cloudy water from cold taps

For the last couple of days the cold water from our taps (direct from the mains) has been coming out of the tap cloudy. The cloud effect is caused by tiny bubbles which gradually fizz out leaving the water clear. There is no odour, colour, or bad taste so I presume its safe to drink but where have the bubbles come from and why? It is the same from all the cold taps bathroom and kitchen so I am sure the cause lies with the water company rather than at home (we have not done anything to the plumbing to have changed anything). Thanks.
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wibbled on Sunday 14 February 2010 21:50

Have they bumped up the chlorine input for some reason?
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Managers, politicians and environmentalists: Nature's carbon buffer.
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wrote:

Perfectly safe.

Air. The water in the reservoir is cold and has a lot of dissolved air. In the pipe it is under pressure so the air remains dissolved. When it comes out of the tap the pressure immediately falls and the air comes out of solution and turns back into gas bubbles - exactly the same as opening a bottle of fizzy pop.
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So, sparkling water at no extra cost?
Cheers Richard
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wrote:

We get this after the water company has been doing work on the mains supply pipes. Air gets into the pipes when they open them up, and when re-connected the air is trapped in the pipe (we're at the end of a mile-long uphill stub, which tends to empty when the main is opened and doesn't get flushed when they re-connect). When the water pressure is turned on, this air is forced into solution in the water, to re-emerge as fine bubbles when the pressure drops again, i.e. as the water exits from the cold taps, and making the water look white and opaque. It's just like a soda siphon but with air rather than carbon dioxide. As you've discovered, it clears fairly rapidly on standing as the bubbles coalesce and rise to the surface. As others have said, it's perfectly harmless and quite OK to drink. Like us, all your cold taps obviously run at mains pressure, rather than being fed from a tank in the loft.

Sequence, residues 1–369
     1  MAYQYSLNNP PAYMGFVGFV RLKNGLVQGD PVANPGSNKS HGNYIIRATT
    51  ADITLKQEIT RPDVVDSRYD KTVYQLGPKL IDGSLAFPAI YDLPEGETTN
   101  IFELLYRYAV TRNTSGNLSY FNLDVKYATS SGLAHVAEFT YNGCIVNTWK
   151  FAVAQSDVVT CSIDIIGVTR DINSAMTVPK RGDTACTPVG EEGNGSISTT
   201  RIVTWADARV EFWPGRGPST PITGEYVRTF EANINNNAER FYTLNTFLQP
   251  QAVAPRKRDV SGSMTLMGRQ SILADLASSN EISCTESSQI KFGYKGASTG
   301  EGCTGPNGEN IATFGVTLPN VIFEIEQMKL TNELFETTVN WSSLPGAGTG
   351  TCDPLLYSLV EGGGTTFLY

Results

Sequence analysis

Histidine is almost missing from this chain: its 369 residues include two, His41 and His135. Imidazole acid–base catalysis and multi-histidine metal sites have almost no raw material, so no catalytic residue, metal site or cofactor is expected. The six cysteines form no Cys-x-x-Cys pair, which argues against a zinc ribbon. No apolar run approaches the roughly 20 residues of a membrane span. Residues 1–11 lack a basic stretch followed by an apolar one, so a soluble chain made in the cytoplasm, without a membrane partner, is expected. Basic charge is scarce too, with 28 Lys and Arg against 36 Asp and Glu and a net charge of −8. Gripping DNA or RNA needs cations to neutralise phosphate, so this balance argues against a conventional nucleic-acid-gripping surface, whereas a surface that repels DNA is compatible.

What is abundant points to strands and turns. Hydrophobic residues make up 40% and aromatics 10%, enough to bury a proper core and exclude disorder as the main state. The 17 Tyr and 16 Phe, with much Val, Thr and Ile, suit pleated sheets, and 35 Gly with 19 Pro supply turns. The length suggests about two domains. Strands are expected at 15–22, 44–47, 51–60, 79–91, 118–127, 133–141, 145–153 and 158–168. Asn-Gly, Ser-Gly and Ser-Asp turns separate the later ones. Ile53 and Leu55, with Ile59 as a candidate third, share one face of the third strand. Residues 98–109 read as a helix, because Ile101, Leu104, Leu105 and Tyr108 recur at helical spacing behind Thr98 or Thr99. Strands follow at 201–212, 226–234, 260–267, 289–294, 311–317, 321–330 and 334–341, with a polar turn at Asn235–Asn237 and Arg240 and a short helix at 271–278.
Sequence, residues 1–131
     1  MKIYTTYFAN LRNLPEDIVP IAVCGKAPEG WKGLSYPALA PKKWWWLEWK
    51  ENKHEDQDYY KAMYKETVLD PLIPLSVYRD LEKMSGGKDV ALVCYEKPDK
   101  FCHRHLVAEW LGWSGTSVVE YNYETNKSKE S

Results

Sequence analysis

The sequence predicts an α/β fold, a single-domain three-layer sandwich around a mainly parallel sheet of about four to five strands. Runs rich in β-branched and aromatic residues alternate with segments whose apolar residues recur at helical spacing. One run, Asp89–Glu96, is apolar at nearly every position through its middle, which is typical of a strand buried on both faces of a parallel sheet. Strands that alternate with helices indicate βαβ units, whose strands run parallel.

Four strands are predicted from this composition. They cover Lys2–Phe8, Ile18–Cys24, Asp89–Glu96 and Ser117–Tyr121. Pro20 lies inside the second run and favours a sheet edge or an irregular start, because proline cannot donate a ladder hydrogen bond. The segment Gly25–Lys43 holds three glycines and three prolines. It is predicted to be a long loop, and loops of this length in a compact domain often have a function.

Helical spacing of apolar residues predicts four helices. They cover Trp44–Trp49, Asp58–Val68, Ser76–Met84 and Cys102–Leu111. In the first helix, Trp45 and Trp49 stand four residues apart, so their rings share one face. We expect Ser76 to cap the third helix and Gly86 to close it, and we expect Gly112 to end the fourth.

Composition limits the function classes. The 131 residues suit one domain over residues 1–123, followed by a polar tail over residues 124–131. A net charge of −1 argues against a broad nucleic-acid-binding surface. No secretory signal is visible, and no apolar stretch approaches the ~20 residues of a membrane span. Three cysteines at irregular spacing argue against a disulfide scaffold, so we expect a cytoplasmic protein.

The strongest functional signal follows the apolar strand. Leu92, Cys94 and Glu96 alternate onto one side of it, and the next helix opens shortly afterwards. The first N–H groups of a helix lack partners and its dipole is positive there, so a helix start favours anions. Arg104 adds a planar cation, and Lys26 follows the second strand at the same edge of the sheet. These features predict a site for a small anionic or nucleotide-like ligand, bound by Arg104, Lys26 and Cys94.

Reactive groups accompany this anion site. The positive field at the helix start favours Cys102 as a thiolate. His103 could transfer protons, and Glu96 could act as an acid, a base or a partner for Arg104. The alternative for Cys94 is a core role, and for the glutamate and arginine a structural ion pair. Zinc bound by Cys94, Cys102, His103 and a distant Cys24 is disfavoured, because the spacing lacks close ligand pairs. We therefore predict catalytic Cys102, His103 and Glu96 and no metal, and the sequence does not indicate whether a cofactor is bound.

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Chris Hogg wrote:

There should be a "wash-out" at the end of such runs to allow the water company to flush the system.
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On Tue, 16 Feb 2010 20:57:30 +0000, Andy Burns

If such exists, it's not used. But I doubt its existence; we're right out in the country. Whenever the water 'goes off', we can expect an hour or so of explosive spluttering and coughing from the cold taps as the air is forced out under pressure. I sometimes fear for the joints in the pipes, it can be so violent; the 'rigid' mixer tap in the kitchen (i.e. not one on a flexible hose) physically recoils! We tend to flush the loos repeatedly to clear the air, as it seems to be less violent to do it that way. It also gets rid of any discoloured water.
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I seem to remember that liquid (water) does not compress, whereas gas (air) can be fairly easily compressed. But inside the pipes, the air will be compressed until its pressure is equal to the water. When the compressed air reaches the open tap it just decompresses and expands as it is forced out by the water behind.
As the pressure of the air or water will not be more than that of the water, your pipes should be all right.
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wrote:

It's not the static pressure that's the problem, but the extreme hammer effect that goes with these explosive discharges of compressed air from the taps.
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Chris

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wrote:

If the toilet ball valves are plastic they could get damaged!
I wonder if the Water Company should be made aware and whether they could fit some form of automatic air separator?
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We were somewhere around Barstow, on the edge of the desert, when the
something like:

Same happens a lot to my supply. I've been meaning to make an air purger pipe for ages now.
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That's exactly what it look like.

Only the bath tap comes from the loft tank, I think.
Thanks for the reassurance.
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